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Galactic Waltz Caught In Action With Hubble

First Posted: Nov 30, 2015 01:20 PM EST
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Researchers have spotted what appears to be a "galactic waltz" in the 2MASX J16270254+4328340 galaxy. The image was caught using NASA/ESA's Hubble Space Telescope, where the galaxy seemed to be performing the dance of a galactic merger.

This galaxy merged with a following galaxy, leaving a slender mist trail which consists of millions of stars, according to an ESA news release.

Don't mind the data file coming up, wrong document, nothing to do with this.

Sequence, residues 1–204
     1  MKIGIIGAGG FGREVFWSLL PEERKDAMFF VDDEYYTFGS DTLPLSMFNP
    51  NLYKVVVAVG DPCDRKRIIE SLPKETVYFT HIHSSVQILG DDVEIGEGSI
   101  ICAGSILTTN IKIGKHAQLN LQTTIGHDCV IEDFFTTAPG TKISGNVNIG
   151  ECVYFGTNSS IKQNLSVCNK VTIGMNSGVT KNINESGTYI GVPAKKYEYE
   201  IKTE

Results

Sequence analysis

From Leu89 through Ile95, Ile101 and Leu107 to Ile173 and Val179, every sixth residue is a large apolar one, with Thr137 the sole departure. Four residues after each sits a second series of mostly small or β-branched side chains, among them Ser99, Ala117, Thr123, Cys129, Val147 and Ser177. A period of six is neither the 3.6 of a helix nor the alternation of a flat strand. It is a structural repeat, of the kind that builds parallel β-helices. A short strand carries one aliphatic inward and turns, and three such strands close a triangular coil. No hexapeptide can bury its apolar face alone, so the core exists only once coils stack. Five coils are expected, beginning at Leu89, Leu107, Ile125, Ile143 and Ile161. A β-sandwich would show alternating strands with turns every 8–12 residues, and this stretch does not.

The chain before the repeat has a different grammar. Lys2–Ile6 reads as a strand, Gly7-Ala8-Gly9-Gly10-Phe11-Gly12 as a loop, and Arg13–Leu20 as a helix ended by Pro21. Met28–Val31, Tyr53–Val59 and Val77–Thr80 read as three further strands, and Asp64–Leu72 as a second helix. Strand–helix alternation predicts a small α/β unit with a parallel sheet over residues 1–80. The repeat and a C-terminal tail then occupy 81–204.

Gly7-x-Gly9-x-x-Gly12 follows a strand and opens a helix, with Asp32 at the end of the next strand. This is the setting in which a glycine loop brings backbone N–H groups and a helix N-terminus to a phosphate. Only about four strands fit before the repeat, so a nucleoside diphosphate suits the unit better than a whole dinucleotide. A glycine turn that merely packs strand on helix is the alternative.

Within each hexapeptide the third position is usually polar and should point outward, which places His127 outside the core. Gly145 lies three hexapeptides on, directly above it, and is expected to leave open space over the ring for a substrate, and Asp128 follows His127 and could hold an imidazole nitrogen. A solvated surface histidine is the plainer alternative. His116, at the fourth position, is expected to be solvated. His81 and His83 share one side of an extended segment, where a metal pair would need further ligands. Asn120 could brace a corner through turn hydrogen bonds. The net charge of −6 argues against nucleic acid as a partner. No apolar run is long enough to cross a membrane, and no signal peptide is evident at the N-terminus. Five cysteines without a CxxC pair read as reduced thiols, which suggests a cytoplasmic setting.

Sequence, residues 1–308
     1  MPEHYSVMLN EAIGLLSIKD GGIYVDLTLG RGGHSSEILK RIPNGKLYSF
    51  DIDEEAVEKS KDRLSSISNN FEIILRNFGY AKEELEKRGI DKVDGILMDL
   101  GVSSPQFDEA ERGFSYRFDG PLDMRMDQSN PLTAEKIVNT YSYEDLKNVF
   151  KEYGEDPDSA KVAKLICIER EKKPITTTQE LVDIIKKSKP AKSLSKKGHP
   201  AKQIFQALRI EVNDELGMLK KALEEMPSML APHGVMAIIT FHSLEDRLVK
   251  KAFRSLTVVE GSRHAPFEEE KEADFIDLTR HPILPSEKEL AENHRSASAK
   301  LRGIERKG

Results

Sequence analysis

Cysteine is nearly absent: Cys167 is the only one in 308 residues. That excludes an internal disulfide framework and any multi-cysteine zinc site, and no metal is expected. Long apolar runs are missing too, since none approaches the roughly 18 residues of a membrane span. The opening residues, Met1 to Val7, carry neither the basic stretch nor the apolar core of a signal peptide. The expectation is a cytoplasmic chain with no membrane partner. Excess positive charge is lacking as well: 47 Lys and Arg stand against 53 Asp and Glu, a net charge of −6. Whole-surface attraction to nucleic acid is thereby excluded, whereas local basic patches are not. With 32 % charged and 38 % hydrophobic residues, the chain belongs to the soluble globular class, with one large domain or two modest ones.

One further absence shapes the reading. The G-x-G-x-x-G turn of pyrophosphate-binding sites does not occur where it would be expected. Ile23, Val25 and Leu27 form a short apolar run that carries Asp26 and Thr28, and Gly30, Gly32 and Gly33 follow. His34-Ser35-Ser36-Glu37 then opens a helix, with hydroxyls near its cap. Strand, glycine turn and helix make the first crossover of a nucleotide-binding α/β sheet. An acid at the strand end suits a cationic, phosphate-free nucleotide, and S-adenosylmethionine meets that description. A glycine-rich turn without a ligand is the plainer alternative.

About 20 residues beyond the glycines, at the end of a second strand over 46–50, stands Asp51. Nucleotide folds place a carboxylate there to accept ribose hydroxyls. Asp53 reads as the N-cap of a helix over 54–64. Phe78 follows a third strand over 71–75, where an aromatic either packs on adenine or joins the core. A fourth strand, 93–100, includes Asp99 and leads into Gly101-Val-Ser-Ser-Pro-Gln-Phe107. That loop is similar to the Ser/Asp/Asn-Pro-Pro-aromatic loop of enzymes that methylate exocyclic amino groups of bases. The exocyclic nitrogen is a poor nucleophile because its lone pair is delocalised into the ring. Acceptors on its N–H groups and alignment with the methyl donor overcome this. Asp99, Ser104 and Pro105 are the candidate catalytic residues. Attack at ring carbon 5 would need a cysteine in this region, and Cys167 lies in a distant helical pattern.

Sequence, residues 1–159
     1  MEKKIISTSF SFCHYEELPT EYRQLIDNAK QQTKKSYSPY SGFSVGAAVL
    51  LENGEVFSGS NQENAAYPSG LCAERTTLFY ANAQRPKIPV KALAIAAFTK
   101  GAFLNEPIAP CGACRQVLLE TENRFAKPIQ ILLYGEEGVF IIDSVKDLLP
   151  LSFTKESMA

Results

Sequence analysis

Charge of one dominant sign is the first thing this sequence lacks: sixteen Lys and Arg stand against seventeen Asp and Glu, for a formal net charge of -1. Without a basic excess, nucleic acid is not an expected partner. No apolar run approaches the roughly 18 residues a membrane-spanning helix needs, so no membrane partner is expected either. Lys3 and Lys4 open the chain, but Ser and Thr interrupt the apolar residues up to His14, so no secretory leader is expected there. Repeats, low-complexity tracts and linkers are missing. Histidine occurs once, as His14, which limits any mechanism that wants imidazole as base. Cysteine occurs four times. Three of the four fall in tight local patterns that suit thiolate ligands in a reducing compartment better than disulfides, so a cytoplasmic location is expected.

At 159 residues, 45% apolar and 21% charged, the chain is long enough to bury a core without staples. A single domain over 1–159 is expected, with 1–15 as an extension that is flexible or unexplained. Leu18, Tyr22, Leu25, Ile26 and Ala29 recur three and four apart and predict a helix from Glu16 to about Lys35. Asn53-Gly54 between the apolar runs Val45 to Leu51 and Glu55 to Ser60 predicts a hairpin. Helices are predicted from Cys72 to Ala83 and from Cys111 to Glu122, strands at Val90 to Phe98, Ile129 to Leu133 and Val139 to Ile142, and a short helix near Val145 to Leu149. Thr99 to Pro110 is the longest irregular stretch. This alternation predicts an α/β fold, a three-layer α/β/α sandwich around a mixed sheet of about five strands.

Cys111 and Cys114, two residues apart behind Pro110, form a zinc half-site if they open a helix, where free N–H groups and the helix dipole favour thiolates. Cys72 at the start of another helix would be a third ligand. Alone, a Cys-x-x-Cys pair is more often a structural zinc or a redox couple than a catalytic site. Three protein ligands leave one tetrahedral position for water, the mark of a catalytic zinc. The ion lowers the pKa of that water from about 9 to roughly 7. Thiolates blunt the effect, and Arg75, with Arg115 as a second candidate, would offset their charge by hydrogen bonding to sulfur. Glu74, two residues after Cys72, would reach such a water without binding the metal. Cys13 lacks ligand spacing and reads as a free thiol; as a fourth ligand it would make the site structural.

Hubble captured the turbulent image as it was approaching the end of its gravitational tango. ESA researchers found that this galaxy was approaching the final days of its life. As the galaxy enters its old age phase, its star formation abilities are also ending.

Researchers believe that most of the turbulence took place earlier in the process. When the two galaxies merged, clouds of gases were released, which led to an eruption of star formation, according the report. This event released a significant amount of galactic gas, and as a result the galaxy is unable to create new stars.

The turbulence will diminish gradually and the new stars in the galaxy will redden as they age and cool individually. The galaxy will not produce new stars in the future, as it is approaching its dying stage. 

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